Prince Orlov is also famous as the author of an historical account of the Franco-Prussian War of 1806 and of two memoranda relating to internal administration in Russia. The first work, entitled Ocherk 3-nedel’nago pokhoda Napoleona I protiv Prussii v 1806, was written while he was in Italy recovering from wounds received at Silistria.

In 1858 Prince Orlov wrote “Thoughts on the schism” along with his notes “On Jews in Russia.” Both essays promoted the idea of greater religious tolerance. Prince Orlov also won honor for his 1861 memorandum submitted to the sovereign “On Abolishing Corporal Punishment in the Russian Empire and the Kingdom of Poland,” in which he took up arms against physical punishments as an evil in opposition to “Christian, moral, and social values.” “Russia is approaching a thousand years of existence,” concluded Prince Orlov’s notes. “Serfdom has already been abolished. It remains to complete this salutary reformation by the entire abolition of corporal punishment.” By Highest orders, Orlov’s memorandum was examined by the committee established in His Majesty’s Own Chancellery’s Second Section for drafting new regulations on military justice. The committee agreed with Orlov’s central thesis of abolishing corporal punishments as not in accordance with the spirit of the times, inimical to a person’s sense of self worth, and serving only to barbarize morals. After being reviewed by the various ministries, the draft law was submitted to the Government Council and on 17 April 1863 an ukase was delivered to the Senate making several changes in the system of corrective and penal punishments.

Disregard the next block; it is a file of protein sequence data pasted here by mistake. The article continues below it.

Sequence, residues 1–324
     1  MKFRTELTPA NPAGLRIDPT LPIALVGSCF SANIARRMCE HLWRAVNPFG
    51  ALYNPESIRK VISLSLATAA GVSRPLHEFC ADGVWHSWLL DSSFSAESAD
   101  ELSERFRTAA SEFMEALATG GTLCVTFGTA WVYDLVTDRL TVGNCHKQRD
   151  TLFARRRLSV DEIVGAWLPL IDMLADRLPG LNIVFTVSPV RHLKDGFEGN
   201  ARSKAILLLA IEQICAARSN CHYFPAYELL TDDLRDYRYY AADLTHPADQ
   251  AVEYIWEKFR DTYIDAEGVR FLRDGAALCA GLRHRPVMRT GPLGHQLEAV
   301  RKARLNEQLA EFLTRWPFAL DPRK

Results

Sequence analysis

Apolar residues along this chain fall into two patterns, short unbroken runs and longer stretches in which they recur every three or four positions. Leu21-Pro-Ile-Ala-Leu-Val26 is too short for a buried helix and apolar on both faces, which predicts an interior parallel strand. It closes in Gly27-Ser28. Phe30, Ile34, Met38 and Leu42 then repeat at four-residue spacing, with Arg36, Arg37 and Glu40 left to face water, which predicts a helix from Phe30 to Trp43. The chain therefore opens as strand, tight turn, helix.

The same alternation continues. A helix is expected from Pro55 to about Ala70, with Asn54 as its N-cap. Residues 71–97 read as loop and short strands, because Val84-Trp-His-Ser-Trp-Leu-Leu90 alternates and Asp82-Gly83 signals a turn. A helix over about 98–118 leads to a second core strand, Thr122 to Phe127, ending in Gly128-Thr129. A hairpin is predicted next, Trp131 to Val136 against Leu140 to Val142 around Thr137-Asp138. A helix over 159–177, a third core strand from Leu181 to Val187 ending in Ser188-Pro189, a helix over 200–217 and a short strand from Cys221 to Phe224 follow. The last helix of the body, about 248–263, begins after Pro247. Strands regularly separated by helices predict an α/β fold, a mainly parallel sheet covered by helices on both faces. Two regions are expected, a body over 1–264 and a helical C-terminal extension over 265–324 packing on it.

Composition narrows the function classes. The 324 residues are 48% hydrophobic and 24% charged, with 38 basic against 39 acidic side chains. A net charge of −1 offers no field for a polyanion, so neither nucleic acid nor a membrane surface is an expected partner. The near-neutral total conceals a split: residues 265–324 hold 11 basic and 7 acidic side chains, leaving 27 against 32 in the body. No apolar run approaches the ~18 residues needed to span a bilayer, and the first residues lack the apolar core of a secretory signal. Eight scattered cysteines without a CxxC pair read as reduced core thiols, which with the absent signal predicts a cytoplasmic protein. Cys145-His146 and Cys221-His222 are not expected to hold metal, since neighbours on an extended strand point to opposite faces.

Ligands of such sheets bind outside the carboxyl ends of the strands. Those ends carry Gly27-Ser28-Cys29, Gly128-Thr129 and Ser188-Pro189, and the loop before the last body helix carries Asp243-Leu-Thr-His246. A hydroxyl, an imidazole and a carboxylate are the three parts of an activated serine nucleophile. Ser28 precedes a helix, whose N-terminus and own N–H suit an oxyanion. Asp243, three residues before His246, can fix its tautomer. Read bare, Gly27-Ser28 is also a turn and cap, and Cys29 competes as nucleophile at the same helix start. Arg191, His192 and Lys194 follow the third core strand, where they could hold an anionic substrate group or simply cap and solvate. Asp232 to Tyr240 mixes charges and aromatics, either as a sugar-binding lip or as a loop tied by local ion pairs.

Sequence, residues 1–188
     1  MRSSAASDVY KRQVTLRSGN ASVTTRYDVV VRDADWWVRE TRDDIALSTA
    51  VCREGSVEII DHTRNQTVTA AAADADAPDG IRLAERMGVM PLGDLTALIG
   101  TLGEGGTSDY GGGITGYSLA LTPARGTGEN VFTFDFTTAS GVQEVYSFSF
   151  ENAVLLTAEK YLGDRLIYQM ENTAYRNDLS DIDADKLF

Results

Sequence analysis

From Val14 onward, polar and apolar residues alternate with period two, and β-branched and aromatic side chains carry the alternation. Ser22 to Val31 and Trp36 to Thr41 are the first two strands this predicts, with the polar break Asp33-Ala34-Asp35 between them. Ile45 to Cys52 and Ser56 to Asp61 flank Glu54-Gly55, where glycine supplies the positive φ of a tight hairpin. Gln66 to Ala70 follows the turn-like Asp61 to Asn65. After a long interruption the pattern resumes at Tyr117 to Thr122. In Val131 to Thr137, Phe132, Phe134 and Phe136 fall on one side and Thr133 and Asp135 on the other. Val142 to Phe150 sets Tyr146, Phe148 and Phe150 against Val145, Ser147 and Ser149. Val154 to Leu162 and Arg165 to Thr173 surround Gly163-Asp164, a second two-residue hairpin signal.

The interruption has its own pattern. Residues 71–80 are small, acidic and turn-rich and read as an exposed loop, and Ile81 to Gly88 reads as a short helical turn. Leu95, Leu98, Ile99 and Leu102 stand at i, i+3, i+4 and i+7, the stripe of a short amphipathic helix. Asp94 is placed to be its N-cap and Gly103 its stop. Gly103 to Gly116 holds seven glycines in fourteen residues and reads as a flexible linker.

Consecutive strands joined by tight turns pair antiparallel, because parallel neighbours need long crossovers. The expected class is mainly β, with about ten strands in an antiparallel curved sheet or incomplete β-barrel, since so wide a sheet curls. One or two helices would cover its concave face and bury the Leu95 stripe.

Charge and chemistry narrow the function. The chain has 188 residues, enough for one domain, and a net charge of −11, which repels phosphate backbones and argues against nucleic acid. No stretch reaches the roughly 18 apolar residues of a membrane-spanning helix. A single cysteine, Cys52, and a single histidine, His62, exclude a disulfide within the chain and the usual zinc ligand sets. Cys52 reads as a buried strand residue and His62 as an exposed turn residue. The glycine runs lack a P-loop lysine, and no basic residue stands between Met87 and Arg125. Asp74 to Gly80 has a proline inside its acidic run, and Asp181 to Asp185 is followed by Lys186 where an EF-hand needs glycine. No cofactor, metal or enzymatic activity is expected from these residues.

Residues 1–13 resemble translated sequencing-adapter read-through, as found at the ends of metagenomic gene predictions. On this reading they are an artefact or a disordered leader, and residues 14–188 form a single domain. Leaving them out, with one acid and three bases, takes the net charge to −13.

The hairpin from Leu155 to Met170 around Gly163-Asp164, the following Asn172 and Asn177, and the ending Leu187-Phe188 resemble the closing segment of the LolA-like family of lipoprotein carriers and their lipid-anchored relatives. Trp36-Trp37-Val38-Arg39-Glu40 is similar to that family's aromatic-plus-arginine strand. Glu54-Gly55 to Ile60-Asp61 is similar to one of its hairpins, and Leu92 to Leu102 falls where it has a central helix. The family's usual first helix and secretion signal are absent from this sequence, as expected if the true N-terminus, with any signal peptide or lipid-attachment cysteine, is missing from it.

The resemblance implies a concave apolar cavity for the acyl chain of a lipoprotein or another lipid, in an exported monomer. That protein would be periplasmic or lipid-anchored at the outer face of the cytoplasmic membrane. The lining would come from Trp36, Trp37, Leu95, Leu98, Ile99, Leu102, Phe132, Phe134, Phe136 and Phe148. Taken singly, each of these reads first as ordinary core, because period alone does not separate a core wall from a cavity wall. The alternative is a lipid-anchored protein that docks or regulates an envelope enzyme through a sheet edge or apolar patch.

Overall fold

Besides the works mentioned, Prince N. A. Orlov was responsible for a collection of papers of  the 18th-century general and courtier Prince Grigorii Grigor’evich Orlov, published in Volume II of Sbornik Imperatorskago Russkago Istoricheskago Obshchestva.